Jump up ^ The revised criteria, etc. are described in Yeates, Lindsay B., A Set of Competency and Proficiency Standards for Australian Professional Clinical Hypnotherapists: A Descriptive Guide to the Australian Hypnotherapists' Association Accreditation System (Second, Revised Edition), Australian Hypnotherapists' Association, (Sydney), 1999. ISBN 0-9577694-0-7.
The main theorist who pioneered the influential role-taking theory of hypnotism was Theodore Sarbin. Sarbin argued that hypnotic responses were motivated attempts to fulfill the socially constructed roles of hypnotic subjects. This has led to the misconception that hypnotic subjects are simply "faking". However, Sarbin emphasised the difference between faking, in which there is little subjective identification with the role in question, and role-taking, in which the subject not only acts externally in accord with the role but also subjectively identifies with it to some degree, acting, thinking, and feeling "as if" they are hypnotised. Sarbin drew analogies between role-taking in hypnosis and role-taking in other areas such as method acting, mental illness, and shamanic possession, etc. This interpretation of hypnosis is particularly relevant to understanding stage hypnosis, in which there is clearly strong peer pressure to comply with a socially constructed role by performing accordingly on a theatrical stage.
Hypnosis is first and foremost a self-accepted journey away from the reality of the moment. Although the trance state is often referred to as if the patient is asleep, nothing could be further from the truth. The patient is fully awake at all times. The hypnotic subject is simply in a heightened, more receptive state of mind. This fact is proven with inductions called open-eye techniques, where the patient keeps his/her eyes open during the hypnotherapy. Full and deep trance is still achievable.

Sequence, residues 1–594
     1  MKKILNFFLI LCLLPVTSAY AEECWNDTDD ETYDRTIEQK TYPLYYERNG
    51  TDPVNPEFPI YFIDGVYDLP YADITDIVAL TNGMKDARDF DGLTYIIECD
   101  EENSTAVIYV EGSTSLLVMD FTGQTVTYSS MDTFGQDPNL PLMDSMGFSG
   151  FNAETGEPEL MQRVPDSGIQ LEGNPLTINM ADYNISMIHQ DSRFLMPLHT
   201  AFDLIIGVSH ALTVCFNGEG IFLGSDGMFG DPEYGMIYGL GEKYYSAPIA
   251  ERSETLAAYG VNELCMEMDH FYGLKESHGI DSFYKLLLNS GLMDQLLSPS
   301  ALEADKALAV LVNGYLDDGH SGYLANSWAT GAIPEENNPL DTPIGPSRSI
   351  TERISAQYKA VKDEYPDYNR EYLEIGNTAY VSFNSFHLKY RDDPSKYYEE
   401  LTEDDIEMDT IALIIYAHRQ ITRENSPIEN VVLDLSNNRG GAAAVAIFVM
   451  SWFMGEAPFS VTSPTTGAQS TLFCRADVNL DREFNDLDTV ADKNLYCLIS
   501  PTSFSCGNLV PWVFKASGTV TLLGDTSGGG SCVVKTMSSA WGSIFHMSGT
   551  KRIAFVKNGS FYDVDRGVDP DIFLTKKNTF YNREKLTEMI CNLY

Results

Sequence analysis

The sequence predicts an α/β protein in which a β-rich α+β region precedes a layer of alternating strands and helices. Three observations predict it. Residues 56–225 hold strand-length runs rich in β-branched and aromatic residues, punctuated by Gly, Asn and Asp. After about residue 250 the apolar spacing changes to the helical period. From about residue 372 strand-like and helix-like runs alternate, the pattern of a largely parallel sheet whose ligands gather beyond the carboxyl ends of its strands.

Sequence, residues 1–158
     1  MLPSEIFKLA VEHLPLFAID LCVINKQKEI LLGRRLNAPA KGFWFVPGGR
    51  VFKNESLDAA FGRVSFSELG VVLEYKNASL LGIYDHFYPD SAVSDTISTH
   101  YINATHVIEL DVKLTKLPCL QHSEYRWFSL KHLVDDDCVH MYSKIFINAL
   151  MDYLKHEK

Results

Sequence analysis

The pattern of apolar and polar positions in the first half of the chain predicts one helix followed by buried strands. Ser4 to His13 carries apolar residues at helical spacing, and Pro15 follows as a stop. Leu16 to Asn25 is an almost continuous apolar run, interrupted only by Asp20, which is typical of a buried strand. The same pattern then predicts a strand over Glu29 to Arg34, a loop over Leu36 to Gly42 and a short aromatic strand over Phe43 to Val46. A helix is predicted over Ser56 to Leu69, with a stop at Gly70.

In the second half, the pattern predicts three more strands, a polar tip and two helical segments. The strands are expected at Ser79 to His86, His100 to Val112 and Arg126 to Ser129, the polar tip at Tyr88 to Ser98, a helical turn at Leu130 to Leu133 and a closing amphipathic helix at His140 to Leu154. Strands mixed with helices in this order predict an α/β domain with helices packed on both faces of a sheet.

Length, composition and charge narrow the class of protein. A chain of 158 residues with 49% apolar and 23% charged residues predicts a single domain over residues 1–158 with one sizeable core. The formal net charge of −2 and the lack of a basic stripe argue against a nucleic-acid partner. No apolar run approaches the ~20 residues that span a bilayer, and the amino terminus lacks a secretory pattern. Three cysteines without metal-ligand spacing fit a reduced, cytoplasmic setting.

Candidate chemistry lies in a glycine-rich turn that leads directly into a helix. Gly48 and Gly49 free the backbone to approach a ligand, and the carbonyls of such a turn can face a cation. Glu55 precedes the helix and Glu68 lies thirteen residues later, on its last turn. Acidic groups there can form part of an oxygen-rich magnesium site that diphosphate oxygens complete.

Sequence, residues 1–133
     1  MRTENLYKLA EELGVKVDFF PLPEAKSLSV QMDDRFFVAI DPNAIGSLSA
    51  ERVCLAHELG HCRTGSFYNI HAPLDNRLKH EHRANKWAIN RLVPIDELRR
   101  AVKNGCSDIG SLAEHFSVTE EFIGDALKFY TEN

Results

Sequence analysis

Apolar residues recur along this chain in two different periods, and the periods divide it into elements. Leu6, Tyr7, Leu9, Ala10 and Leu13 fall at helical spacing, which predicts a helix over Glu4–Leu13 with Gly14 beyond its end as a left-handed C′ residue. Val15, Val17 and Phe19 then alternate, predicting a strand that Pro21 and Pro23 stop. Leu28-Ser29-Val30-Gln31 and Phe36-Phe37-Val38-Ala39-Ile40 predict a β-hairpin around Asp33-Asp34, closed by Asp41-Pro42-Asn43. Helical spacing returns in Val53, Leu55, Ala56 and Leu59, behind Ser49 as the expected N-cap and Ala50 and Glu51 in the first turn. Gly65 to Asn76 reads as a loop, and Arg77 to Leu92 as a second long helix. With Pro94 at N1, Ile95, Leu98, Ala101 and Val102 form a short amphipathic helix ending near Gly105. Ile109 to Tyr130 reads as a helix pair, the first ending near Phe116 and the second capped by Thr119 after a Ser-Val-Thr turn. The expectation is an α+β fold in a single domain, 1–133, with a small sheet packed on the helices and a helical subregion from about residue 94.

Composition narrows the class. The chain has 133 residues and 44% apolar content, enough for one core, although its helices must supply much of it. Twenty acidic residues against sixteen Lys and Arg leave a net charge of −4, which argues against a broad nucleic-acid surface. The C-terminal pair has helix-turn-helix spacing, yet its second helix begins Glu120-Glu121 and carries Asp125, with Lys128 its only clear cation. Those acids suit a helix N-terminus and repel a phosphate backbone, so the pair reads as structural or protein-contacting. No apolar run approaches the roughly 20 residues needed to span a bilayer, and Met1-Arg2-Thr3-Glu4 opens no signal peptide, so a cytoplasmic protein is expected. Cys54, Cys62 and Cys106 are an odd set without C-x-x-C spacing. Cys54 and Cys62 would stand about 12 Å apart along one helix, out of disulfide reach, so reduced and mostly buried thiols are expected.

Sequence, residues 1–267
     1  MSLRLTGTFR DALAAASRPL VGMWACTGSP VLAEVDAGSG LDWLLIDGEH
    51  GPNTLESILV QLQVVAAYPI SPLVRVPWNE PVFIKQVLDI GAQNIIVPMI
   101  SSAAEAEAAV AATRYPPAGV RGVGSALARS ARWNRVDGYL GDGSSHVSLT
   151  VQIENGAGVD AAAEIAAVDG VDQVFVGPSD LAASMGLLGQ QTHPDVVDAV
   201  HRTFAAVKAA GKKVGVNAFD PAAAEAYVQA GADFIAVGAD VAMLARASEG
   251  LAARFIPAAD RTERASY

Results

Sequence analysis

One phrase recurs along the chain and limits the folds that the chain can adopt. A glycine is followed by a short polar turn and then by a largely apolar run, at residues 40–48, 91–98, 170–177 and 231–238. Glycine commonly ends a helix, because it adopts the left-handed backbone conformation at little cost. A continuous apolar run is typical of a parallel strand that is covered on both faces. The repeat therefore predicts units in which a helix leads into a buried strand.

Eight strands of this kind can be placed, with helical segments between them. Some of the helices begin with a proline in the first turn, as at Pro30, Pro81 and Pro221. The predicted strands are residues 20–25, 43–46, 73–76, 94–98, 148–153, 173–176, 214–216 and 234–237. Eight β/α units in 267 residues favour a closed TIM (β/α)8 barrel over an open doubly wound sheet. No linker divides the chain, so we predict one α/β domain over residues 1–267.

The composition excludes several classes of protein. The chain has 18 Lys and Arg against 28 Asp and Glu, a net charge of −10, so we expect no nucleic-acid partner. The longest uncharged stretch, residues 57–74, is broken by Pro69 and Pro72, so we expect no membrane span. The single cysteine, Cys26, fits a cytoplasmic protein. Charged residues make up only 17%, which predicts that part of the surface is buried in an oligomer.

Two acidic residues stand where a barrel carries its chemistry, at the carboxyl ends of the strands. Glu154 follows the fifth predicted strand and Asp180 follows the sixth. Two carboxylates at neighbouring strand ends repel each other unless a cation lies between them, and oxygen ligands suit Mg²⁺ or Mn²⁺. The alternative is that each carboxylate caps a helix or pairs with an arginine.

Look for a hypnotherapist who is a member of the American Society of Clinical Hypnosis (ASCH) or the Society for Clinical and Experimental Hypnosis. To be a member of either of these organizations, a hypnotherapist must have a doctorate level degree in medicine, dentistry, or psychology, or a master’s degree in nursing, social work, psychology, or marital/family therapy plus a specific number of hours of approved training in hypnotherapy. In some cases, accredited, doctoral-level practitioners of alternative health care, such traditional Chinese medicine, may also be approved for membership. Of course, in addition to looking at qualifications, you should also find a hypnotherapist with whom you feel confident and comfortable in a therapeutic relationship.